Seminal plasma cobalamin significantly correlates with sperm concentration in men undergoing IVF or ICSI procedures


Boxmeer, Jolanda C., Smit, Marij, Weber, Robertus F., Lindemans, Jan, Romijn, Johannes C., Eijkemans, Marinus J., Macklon, Nicholas S. and Steegers-Theunissen, Regine P. (2007) Seminal plasma cobalamin significantly correlates with sperm concentration in men undergoing IVF or ICSI procedures. Journal of Andrology, 28, (4), 521-527. (doi:10.2164/jandrol.106.001982). (PMID:17287458).

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Description/Abstract

Mild hyperhomocysteinemia is caused by B vitamin deficiencies. We hypothesize that these biochemical derangements detrimentally affect spermatogenesis. Therefore, the aim of this study was to investigate the folate, cobalamin, pyridoxine, and homocysteine concentrations in blood and seminal plasma and the associations between these biomarkers and semen parameters in men participating in an in vitro fertilization or intracytoplasmic sperm injection program. From 73 men (median age [range]: 37 years [28-53]), blood and semen samples were obtained for the determination of serum and red blood cell (RBC) folate, serum total cobalamin, whole-blood pyridoxal-5'-phosphate, plasma total homocysteine (tHcy), and serum total testosterone. Semen analysis included sperm concentration, motility, and morphology according to World Health Organization criteria. The B vitamins and tHcy concentrations were significantly correlated in blood but not in seminal plasma. The serum and RBC folate concentrations were significantly correlated also with the total folate concentration in seminal plasma (r = .44; P < .001 and r = .39; P < .001, respectively). Likewise, the total cobalamin concentration in serum and seminal plasma was significantly correlated (r = .55; P = .001). Of interest is that the total cobalamin concentration in seminal plasma was significantly correlated with the sperm concentration (r = .42; P < .001). This is in contrast to the absence of significant associations between the other vitamins and tHcy in blood and seminal plasma and any of the semen parameters. These findings suggest that folate and cobalamin are transferred from the blood to the male reproductive organs and emphasize the role of cobalamin in spermatogenesis in human.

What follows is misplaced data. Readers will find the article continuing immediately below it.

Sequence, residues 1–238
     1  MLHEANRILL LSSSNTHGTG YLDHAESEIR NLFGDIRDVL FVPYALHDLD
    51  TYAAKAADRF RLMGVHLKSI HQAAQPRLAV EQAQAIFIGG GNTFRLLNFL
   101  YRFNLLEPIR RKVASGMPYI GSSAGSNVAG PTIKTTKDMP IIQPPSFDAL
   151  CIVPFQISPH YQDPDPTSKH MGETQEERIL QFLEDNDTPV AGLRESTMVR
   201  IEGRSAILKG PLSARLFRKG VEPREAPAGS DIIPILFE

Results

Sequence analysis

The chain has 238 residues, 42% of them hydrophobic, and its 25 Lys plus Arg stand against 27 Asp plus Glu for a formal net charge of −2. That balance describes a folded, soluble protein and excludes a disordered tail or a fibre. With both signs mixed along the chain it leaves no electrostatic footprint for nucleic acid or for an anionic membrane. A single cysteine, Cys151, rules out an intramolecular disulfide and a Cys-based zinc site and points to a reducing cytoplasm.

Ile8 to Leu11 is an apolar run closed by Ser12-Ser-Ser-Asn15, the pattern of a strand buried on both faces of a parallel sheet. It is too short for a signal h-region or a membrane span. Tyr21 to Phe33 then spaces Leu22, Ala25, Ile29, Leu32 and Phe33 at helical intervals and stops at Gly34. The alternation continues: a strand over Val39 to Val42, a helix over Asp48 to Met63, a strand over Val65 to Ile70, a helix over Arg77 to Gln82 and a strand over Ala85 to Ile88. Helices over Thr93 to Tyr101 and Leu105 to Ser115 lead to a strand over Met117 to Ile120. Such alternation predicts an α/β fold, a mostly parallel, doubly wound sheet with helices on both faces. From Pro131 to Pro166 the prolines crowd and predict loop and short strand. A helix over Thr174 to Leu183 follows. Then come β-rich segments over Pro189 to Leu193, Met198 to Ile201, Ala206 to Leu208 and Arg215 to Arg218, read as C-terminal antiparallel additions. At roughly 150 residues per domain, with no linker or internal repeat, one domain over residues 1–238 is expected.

Item Type: Article
ISSNs: 0196-3635 (print)
Keywords: assisted reproduction, folate, homocysteine, semen analysis
Subjects: R Medicine > RG Gynecology and obstetrics
R Medicine > RM Therapeutics. Pharmacology
Divisions: University Structure - Pre August 2011 > School of Medicine > Developmental Origins of Health and Disease
ePrint ID: 185505
Date Deposited: 19 May 2011 12:31
Last Modified: 27 Mar 2014 19:40
URI: http://eprints.soton.ac.uk/id/eprint/185505

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